Schedulers work on multiple connections to ensure the negotiated throughputs, delay bounds, and loss rates. The target of a scheduling algorithm is to select which connection has to be served next. This selection process is based on the QoS requirements of each connection. An efficient scheduling algorithm at the BS must be provided guarantee proper performance. To better explain the scheduler's role, let us first assume that the BS performs the scheduling functions on a per-connection basis. To schedule packets correctly, information such as the number of pending connections, their reserved throughputs, and the statues of session queues is needed. While this information is easily accessible as concerns downlink connections, the SSs need to send their bandwidth requests and queue status to the BS for the uplink. This has a twofold effect. On the one hand, it increases the signalling overhead, while, on the other hand, it provides the BS with information that may be not up-to-date (e.g., due to contention delays, and so on). In downlink, the scheduler has complete knowledge of the queue status, and, thus, may use some classical scheduling schemes, such as weighted round robin (WRR), weighted fair queueing (WFQ), etc. Priority-oriented fairness features are also important in providing differentiated services in WiMAX networks. Through priority, different traffic flows can be treated almost as isolated when sharing the same radio resource. However, due to the nature of WiMAX TDD systems, the BS scheduler is non-work-conserving, as the output link can be idle even if there are packets waiting in some queues. Indeed, after downlink flows are served in their devoted subframe, no additional downlink flows can be served till the end of the subsequent uplink subframe.

Scheduling uplink flows is more complex because the input queues are located in the SSs and are hence separated from the BS. The UL connections work on a request/grant basis. Using bandwidth requests, the uplink packet scheduling may retrieve the status of the queues and the bandwidth parameters. The literature is not rich in terms of QoS scheduling schemes specifically designed for WiMAX networks. In the following, we will briefly describe the most relevant works that address such a topic, to the best of the authors' knowledge.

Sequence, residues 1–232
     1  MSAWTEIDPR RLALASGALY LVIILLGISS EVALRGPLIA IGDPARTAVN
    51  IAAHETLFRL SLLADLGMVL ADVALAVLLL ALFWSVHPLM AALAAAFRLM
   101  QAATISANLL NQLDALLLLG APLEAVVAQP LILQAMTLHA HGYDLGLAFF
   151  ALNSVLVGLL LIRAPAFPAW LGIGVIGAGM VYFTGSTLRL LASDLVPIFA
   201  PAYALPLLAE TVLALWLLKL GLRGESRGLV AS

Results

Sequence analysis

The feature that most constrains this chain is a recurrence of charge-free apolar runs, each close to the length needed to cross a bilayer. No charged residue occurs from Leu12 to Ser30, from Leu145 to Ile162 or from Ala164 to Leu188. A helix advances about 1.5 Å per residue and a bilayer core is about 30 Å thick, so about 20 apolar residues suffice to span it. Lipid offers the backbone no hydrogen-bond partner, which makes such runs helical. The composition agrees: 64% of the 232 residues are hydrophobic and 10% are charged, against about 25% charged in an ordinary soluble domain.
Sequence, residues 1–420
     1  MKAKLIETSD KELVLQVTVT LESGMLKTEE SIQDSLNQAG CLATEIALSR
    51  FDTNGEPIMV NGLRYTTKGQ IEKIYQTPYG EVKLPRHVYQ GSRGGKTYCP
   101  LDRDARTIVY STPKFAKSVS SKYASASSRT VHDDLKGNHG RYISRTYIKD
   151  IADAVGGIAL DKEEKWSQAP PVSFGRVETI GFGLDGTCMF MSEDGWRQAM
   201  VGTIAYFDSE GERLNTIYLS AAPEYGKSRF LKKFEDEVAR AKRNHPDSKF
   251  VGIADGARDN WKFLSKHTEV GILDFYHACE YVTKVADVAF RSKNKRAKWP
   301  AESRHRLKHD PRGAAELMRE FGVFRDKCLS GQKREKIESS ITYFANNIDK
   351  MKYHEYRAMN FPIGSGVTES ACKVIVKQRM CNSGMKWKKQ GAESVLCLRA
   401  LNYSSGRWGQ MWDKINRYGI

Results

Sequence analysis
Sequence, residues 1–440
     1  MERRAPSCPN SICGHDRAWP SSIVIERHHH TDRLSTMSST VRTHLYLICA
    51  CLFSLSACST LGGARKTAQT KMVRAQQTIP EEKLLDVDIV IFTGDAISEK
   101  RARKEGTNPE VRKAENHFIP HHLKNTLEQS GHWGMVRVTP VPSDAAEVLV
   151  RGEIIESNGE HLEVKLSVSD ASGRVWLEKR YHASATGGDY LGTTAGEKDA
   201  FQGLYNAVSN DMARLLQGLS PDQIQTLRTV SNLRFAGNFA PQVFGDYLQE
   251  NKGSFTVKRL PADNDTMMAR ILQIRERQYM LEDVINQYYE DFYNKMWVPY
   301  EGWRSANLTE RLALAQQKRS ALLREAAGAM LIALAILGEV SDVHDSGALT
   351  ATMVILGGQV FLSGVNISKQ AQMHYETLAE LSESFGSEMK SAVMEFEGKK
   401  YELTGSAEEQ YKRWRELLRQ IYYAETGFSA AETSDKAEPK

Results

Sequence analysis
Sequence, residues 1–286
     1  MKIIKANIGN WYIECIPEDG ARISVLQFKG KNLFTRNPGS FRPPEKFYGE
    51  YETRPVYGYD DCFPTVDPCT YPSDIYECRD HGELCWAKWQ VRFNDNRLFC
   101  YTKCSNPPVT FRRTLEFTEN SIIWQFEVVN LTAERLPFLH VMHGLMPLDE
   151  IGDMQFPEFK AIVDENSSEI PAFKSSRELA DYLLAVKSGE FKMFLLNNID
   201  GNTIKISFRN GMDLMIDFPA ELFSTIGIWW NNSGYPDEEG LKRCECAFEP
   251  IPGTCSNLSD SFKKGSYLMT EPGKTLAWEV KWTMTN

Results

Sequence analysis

In particular, they propose a scheduling process divided into two parts. The first one, executed by the uplink scheduler inside the BS, is performed to grant resources to the SSs in response to bandwidth requests. This is done by means of a classical WRR. At each SS, bandwidth assignments are computed by starting from the highest priority class (i.e., UGS flows) and then going down to rtPS, nrtPS, and BE. In this way, a strict priority among service classes is guaranteed. The scheduling schemes employed for the various classes are different. A classical WFQ  is used for UGS and rtPS, whereas a simpler WRR is used for nrtPS service class. BE traffic is served through a simple FIFO policy. By means of this prioritized approach (which resembles somehow multiclass priority fair queueing), the proposed architecture is able to guarantee a good performance level to UGS and rtPS classes, to the detriment of lower priority traffic (i.e., nrtPS and BE flows).

Via simulation, the performance of an IEEE 802.16 system using the class of latency-rate scheduling algorithms where a minimum reserved rate is the basic QoS parameter negotiated by a connection within a scheduling service. Specifically, within this class, they selected defict round robin (DRR) as the downlink scheduler to be implemented in the BS, as it combines the ability to provide fair queueing in the presence of variable length packets with the simplicity of implementation. In particular, DRR requires a minimum rate to be reserved for each packet flow being scheduled. Therefore, although not required by the IEEE 802.16 standard, BE connections should be guaranteed a minimum rate. This fact can be exploited to both avoid BE traffic starvation in overloaded scenarios, and let BE traffic take advantage of the excess bandwidth which is not reserved for the other scheduling services. On the other hand, DRR assumes that the size of the head-of-line packet is known at each packet queue; thus, it cannot be used by the BS to schedule transmissions in the uplink direction. In fact, with regard to the uplink direction, the BS is only able to estimate the overall amount of backlog of each connection, but not the size of each backlogged packet. Therefore, the authors selected WRR as the uplink scheduler. Like DRR, WRR belongs to the class of ratelatency scheduling algorithms. At last, DRR is implemented in the SS scheduler, because the SS knows the sizes of the head-of-line packets of its queues.